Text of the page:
Over The Aereo
A few years ago, sisters Dawoon, Arum and Soo Kang launched Coffee Meets Bagel: a dating site that serves users a potential match—or “bagel”—every day at noon. Users have 24 hours to decide whether they’ll “like” or “pass” on a match, and can only start messaging once they’ve both approved each other.
The Kang sisters pitched their dating app on Friday night’s episode of Shark Tank, where, after turning down the largest offer in the show’s history, they walked away empty-handed.
After the Shark Tank episode aired, Betabeat chatted with Dawoon to learn more about her and her sister’s experience.
Following a series of dramatic court battles this past summer, as well as dozens of recent lay-offs, streaming service Aereo today filed for Chapter 11 bankruptcy.
The service, which is funded by IAC’s Barry Diller, long butted heads with broadcast TV networks, as it used antennae to collect TV signals from the airwaves, and — for $8 per month — let users stream live TV on their Internet-connected devices.
Networks like ABC, CBS, Fox, NBC, Univision and PBS claimed Aereo was violating copyright laws and stealing their content, and proceeded to take the company to court. Ultimately, things didn’t go in Aereo’s favor.
Are you a pretentious movie-watcher? Will you only grace a TV show with the honor of your attention if it has a solid rating on IMDb?
Betabeat recently stumbled upon whatisonnetflix.com, a simple website that tells you which of IMDb and Rotten Tomatoes’ top-ranked movies and TV shows are currently on Netflix. The site also lets you search by genre, as well as for individual titles.
Web TV Wars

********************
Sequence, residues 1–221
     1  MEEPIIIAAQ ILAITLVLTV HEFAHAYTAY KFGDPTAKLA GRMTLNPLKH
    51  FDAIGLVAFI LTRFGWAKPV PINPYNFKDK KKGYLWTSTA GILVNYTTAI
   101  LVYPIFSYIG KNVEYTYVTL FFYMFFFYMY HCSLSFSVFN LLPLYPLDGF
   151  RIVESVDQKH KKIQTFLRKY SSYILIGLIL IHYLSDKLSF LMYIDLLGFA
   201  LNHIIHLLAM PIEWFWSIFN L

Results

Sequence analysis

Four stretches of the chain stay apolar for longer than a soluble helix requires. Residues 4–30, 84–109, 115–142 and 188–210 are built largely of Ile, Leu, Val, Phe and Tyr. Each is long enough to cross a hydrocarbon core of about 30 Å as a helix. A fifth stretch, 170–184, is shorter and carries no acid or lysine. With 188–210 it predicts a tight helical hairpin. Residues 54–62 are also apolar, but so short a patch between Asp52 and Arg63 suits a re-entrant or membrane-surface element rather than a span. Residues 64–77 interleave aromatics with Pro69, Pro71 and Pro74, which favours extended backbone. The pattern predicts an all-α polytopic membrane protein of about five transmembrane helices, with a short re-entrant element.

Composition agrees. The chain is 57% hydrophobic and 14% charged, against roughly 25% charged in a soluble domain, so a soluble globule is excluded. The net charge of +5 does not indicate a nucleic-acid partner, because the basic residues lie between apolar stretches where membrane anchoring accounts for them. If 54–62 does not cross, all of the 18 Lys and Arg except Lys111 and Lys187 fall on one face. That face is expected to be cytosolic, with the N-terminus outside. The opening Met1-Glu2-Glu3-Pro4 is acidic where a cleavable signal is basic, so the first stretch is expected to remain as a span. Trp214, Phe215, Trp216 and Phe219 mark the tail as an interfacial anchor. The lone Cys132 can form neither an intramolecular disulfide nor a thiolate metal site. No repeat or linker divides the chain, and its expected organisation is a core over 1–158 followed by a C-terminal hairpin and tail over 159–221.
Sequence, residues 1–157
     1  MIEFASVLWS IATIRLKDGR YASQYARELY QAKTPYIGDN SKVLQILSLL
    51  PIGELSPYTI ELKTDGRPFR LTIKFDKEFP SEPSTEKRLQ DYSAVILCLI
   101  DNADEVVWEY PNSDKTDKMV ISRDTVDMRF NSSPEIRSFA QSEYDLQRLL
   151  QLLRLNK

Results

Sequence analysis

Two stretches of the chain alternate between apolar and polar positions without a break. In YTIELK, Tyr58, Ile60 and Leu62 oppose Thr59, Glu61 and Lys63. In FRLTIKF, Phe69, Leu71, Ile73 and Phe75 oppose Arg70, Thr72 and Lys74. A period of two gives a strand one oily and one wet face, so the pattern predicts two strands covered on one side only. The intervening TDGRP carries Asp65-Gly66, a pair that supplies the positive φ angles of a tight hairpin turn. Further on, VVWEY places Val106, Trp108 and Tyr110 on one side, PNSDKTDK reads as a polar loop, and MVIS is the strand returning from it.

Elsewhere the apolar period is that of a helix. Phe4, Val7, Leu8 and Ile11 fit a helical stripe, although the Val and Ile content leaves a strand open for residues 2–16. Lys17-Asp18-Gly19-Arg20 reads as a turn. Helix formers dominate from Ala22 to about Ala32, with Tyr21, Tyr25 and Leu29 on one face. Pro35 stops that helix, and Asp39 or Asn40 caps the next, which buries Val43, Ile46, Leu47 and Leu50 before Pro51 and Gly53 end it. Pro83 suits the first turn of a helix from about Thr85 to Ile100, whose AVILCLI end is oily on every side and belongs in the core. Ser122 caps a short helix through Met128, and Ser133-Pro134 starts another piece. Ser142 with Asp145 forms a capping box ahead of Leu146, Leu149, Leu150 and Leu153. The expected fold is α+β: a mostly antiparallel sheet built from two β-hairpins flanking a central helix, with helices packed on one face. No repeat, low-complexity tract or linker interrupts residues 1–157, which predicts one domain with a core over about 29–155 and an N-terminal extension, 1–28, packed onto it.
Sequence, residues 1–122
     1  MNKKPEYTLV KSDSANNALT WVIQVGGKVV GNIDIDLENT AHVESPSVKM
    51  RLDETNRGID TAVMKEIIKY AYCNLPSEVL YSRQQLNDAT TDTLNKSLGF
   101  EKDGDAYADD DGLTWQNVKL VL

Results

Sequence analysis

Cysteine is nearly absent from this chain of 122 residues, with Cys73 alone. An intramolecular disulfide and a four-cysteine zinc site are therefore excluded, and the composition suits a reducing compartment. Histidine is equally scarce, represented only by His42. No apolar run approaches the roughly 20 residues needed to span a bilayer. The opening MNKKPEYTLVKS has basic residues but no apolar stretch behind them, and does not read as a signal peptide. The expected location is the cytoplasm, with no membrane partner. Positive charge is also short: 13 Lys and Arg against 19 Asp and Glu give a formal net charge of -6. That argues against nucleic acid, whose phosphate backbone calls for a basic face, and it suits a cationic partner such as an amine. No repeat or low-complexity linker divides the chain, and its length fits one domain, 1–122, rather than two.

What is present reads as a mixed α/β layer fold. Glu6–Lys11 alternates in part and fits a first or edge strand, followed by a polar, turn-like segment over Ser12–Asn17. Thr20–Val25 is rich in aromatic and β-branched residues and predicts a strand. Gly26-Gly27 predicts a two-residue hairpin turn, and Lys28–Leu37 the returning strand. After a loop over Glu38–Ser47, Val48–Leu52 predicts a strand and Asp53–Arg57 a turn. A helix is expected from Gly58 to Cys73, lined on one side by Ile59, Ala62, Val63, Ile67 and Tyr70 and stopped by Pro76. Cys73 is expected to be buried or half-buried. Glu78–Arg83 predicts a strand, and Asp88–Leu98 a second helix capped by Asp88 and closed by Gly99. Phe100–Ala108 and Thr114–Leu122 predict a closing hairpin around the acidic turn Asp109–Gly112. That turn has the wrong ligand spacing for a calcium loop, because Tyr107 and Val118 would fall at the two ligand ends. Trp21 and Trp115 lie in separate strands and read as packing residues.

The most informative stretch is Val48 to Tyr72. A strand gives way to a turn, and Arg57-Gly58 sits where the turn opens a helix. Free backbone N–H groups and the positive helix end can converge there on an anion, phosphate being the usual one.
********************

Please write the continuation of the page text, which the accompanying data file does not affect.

GSN must have missed the memo that nobody gives a hoot about apps anymore.
If this listing is to be believed, GSN is currently looking to cast a new reality show called App Wars, wherein a team of programmers will make lucky individuals’
presumably shitty totally innovative app ideas come to life. As per the casting call:
Time to hang up the “we barely even watch TV anymore, really” impressive dinner party conversation-starter.
New numbers from Nielsen show that Americans are still watching nearly 34 hours of television — actual televised programming, viewed through a TV set — per week, Recode reports.
Good news for all you die-hard Gossip Girl fans who’d give anything to dress exactly like your favorite Upper East Side prep schoolers: there’s now an app for that.
Today marks the launch of Pradux, a new site that lets you buy the exact clothes worn by your fave characters on TV.
the ratings game
With the holidays in full swing, chances are you’re looking forward to some time off at the end of this month. And thanks to Netflix, you don’t have to leave the house and fraternize with your hometown frenemies.
Instead, why not stare at a screen for 12 hours while your mom brings you bowl after bowl of hot popcorn and leftovers? It’s the millennial way!
But sometimes all that sitting still can get tiring–it’s pretty similar to sleeping, after all. To combat this, one French TV streaming service, Canalplay, is now including promo codes for free artisanal coffee beans with a two-month free trial, PSFK reports.
Look at what you Scandal fans did: TV ratings service Nielsen will now track your show-related tweets, as part of a new strategy to better track the “unique audience” of each program.
The New York Times reports that the new, creatively titled product called “Twitter TV Ratings,” will measure every tweet and conversation related to what’s happening on the tube and how far they reach. Twitter’s betting big on TV for ad dollars–the word appears more than 40 times in the company’s IPO filing.
The Revolution Will Be Televised
Do you ever wake up with a terrible stiffness in your neck because you spent half the night prior propped up on your elbow marathoning a Netflix show? A simple pair of glasses retailing at Think Geek promises to let you enjoy multimedia from your TV or laptop while laying flat on your back for the low, low price of $15.99, shipping and handling and looking like a total nerd.
Twitter was founded so that lonely people could finally have a platform through which to mock Real Housewives together. And a recent Nielsen study shows that sometimes, tweeters are not only validating each other’s negative opinions, but also helping to raise ratings for the TV shows they love to mock.